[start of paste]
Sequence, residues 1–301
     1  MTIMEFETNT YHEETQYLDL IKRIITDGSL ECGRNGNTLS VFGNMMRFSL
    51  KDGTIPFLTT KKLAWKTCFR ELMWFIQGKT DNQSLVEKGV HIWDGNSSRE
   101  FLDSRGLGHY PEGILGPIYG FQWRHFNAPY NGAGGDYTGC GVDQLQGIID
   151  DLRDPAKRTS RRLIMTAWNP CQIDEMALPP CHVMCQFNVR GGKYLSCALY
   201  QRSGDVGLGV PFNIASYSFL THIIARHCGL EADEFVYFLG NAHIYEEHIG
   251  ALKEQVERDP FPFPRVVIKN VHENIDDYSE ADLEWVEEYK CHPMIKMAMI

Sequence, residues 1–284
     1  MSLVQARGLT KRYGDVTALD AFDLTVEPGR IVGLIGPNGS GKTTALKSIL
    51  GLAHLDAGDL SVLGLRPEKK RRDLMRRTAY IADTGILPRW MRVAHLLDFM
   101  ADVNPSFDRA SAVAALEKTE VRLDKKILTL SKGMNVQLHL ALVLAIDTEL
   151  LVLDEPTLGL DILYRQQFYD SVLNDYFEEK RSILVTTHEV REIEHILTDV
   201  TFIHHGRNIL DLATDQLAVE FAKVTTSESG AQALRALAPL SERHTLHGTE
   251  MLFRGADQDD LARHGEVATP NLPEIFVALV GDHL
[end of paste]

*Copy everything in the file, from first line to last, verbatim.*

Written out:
Sequence, residues 1–301
     1  MTIMEFETNT YHEETQYLDL IKRIITDGSL ECGRNGNTLS VFGNMMRFSL
    51  KDGTIPFLTT KKLAWKTCFR ELMWFIQGKT DNQSLVEKGV HIWDGNSSRE
   101  FLDSRGLGHY PEGILGPIYG FQWRHFNAPY NGAGGDYTGC GVDQLQGIID
   151  DLRDPAKRTS RRLIMTAWNP CQIDEMALPP CHVMCQFNVR GGKYLSCALY
   201  QRSGDVGLGV PFNIASYSFL THIIARHCGL EADEFVYFLG NAHIYEEHIG
   251  ALKEQVERDP FPFPRVVIKN VHENIDDYSE ADLEWVEEYK CHPMIKMAMI

Sequence, residues 1–284
     1  MSLVQARGLT KRYGDVTALD AFDLTVEPGR IVGLIGPNGS GKTTALKSIL
    51  GLAHLDAGDL SVLGLRPEKK RRDLMRRTAY IADTGILPRW MRVAHLLDFM
   101  ADVNPSFDRA SAVAALEKTE VRLDKKILTL SKGMNVQLHL ALVLAIDTEL
   151  LVLDEPTLGL DILYRQQFYD SVLNDYFEEK RSILVTTHEV REIEHILTDV
   201  TFIHHGRNIL DLATDQLAVE FAKVTTSESG AQALRALAPL SERHTLHGTE
   251  MLFRGADQDD LARHGEVATP NLPEIFVALV GDHL